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[232] Gods and Monsters – Christopher Bram

Gods

He screws up everything Clay’s been taught to feel about the world, and yet Clay does not want to avoid him. It’s like he wants to be confused, which makes Clay feel oddly guilty.” [189]

In this novel Christopher Bram reconstructs the last days of the once-famous James Whale, who directed Frankenstein and Bride of Frankenstein. Although surviving a stroke that doesn’t impair his mobility, the director who lives in retirement is suffers olfactory hallucination. More so than death, he is afraid to wake up with his mind in pieces, for it has betrayed him for so long that it cannot regain his trust. He has taken fancy of his gardener, Clay Boone, who has become his sole companion with whom he can talk about his past, which has been haunting him.

So what if the guy is a homo, as long as he keeps his hands to himself? But accepting that, knowing it and accepting it, feels just as wrong to Clay, passive and cowardly. [176]

As Clay becomes more assured that the old man is not pawing on his skin, he finds himself being admitted to Whale’s harrowing past. The old man has a secret agenda for his confident. I understand that Gods and Monsters aspires to morph the horror and atrocities of the First World War into a horror movie. On the surface the novel also explores gay issues in 1950s Hollywood, where stereotype is invincible. But the flow of the novel is as snarled as the director’s mind, which is slowly giving in to senility and delirium. The appearances of Elsa Lanchester, Greta Garbo, Charles Laughton, George Cukor, Princess Margaret and Elizabeth Taylor in this novel unfortunately don’t compensate for the slow and somewhat disjointed story-line. Bram has managed, however, to fashion a love story of Whale and his obsession with his handsome yardman out of the grim material of Whale’s suicide. I would have enjoyed reading it more if Bram would pick up the pace sooner than 70% into the book instead of makng loops.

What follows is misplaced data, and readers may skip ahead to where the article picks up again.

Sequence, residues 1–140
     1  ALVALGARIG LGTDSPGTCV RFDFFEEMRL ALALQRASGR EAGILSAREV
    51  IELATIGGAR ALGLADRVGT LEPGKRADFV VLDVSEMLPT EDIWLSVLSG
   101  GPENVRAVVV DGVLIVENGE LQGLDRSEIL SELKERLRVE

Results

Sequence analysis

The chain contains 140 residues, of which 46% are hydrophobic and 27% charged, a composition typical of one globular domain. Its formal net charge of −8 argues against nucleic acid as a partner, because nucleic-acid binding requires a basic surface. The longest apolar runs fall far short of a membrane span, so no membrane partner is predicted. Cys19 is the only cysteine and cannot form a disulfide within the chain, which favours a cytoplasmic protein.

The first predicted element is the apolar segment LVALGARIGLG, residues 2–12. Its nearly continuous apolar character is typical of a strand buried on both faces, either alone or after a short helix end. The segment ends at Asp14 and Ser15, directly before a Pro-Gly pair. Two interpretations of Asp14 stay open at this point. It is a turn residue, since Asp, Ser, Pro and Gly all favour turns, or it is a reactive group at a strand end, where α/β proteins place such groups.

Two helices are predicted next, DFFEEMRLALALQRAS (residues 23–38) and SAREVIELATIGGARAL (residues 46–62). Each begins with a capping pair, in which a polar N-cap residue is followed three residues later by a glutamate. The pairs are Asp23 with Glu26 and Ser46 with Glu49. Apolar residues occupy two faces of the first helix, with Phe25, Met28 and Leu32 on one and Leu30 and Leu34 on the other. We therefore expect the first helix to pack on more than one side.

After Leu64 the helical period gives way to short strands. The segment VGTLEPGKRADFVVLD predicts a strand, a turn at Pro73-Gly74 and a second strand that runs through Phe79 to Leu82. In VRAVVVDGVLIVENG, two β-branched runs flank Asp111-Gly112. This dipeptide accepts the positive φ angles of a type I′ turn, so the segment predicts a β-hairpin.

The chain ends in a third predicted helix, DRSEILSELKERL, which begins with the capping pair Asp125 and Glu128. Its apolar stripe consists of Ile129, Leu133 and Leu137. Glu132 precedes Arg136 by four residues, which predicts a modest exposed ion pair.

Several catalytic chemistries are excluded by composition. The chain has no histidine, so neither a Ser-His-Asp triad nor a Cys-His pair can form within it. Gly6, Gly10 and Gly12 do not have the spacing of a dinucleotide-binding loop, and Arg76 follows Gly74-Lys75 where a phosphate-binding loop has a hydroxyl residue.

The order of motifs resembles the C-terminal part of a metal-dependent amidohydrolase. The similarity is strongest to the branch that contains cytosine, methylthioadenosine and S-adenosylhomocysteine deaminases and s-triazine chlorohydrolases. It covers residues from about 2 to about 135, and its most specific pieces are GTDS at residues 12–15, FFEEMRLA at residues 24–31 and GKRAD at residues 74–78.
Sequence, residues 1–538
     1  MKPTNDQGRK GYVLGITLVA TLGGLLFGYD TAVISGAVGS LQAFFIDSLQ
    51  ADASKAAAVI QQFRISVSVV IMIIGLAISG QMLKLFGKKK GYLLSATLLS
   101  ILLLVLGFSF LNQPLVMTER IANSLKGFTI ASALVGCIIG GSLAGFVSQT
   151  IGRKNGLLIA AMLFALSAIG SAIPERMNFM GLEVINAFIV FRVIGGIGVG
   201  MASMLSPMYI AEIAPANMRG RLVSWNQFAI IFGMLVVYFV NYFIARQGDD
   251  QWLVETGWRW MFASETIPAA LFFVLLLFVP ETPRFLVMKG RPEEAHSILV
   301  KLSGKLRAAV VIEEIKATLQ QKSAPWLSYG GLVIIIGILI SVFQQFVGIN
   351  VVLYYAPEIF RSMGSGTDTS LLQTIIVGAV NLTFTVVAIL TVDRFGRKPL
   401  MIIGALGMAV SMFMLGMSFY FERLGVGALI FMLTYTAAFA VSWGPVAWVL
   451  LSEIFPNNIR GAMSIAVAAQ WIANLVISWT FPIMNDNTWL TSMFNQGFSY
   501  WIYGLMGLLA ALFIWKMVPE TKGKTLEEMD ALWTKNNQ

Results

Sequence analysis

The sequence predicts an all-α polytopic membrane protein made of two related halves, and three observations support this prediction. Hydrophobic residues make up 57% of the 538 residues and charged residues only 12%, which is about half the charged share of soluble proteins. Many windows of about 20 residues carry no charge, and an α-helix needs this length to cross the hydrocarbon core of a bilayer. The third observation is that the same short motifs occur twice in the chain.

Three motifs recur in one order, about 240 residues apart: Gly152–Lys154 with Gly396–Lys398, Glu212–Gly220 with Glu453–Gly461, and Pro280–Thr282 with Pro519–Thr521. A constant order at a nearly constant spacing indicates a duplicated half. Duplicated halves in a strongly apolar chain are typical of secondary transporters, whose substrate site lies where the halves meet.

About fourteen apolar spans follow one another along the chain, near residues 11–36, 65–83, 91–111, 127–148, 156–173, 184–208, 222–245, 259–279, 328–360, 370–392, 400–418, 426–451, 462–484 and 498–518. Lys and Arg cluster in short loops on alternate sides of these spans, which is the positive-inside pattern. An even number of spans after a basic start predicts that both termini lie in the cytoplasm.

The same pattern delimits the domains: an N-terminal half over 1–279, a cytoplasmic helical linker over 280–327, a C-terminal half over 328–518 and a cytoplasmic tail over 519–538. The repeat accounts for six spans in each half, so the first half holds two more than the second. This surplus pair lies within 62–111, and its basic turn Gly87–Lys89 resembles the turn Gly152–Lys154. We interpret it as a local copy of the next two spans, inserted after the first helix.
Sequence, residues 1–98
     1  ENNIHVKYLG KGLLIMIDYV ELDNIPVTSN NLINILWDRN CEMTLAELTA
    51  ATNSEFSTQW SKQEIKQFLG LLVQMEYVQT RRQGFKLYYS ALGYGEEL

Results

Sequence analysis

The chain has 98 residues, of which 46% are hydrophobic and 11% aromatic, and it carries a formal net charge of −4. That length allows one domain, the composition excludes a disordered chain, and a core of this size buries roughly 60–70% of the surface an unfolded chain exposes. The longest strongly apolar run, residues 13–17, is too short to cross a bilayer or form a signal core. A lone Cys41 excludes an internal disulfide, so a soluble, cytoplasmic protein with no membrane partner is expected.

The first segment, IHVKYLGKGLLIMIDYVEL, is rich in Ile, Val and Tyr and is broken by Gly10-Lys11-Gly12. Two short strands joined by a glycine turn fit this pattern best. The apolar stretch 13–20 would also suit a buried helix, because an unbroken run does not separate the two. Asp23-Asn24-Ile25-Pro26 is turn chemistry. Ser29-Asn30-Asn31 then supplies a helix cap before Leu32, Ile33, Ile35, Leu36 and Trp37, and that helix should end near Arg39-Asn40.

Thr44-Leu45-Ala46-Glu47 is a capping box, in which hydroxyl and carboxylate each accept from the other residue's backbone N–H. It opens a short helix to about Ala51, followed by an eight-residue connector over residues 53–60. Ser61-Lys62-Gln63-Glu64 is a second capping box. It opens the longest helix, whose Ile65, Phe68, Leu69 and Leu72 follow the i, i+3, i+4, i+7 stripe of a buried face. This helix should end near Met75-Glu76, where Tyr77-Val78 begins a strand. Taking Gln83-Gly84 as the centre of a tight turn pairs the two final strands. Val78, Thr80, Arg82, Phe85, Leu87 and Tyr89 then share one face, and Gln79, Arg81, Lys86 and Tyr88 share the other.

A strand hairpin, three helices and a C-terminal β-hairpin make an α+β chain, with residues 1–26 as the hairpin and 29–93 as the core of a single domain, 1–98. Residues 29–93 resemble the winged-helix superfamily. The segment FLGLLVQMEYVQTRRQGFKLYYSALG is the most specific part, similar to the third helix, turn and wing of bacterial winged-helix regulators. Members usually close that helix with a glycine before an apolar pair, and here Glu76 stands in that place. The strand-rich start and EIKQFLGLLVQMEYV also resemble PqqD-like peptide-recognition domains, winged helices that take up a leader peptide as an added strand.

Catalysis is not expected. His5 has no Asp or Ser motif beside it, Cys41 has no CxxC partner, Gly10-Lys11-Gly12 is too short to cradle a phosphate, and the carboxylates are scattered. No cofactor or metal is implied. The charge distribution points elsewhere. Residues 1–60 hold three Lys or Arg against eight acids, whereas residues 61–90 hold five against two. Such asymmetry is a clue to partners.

270 pp. [Read/Skim/Toss]

18 Responses

  1. I have never read this book and your review makes it sound interesting enough, but I’m not sure I would actually want to read it. I did see the movie version of this book and I do remember that I enjoyed it – mainly because Ian Mckellen was in it and I love his work!

  2. Nah. Don’t need snarled with the distractions I have swirling around my head these days. Wasn’t this a movie not long ago? (IMDb says yes! In 1998.)

  3. I remember the movie with hunky Brendan Fraser. The book is on my shelf and yet to be read. After reading your review, I’m going to dust it off and have a look.

  4. Too bad the book isn’t more compelling. If I recall correctly, the movie version of the book was critically acclaimed. I usually find the opposite to be true…I like the book much better than the movie!

  5. There’s a film version of this, no? I saw it a few years back and really liked it! Too bad that the book is such a slow start!

  6. I’ve had a book of his sitting on my shelf for a while for this same exact reason. Every time I pick it up, it’s always incredibly slow, in a not pleasant meandering way.

  7. I had a similar experience with a different book by Braum. I really wanted to like it, but it just never got going.

    The movie for Gods and Monsters is wonderful. If you’ve not seen it, you really should.

  8. Thanks for a brief look into this man’s life. I’ve never heard of him until your post.

  9. Nadia:
    It’s interesting but I wish I have enjoyed it more.

  10. Sandy:
    I put it down a few times become it was just so slow. Then I had this sudden fit that I almost threw it across the room! That I managed to finish and didn’t hate it too much still amaze me! 🙂

  11. Rob:
    I’m glad my review still manages to give the book a push. 🙂

  12. Kathleen:
    It’s a bit less exciting compared to the other books I have read recently. I mean, Rebecca and The Woman in White are hard to compete. I heard the movie is much better!

  13. Amy Reads Good Books:
    I am going to check out the film!

  14. lena:
    This is the first one of his that I have trouble reading. I absolutely enjoyed Exiles in America and Gossips. Do you have these two? 🙂

  15. CBJames:
    I’m hoping to watch the film. It’s a rare situation that the few people I have spoken with prefer the movie over the book. That’s quite something! 🙂

  16. Staci:
    James Whale or Christopher Bram? 🙂

  17. Hey, I read a lot of blogs on a daily basis and for the most part, people lack substance but, I just wanted to make a quick comment to say GREAT blog!…..I”ll be checking in on a regularly now….Keep up the good work! 🙂

    – Marc Shaw

  18. […] annoying farce called Valeria’s Last Stand. Out of the 5 Christopher Bram books I read, Gods and Monsters really fell short—it was disappointing. Elizabeth Bowen’s The Heat of the Day also […]

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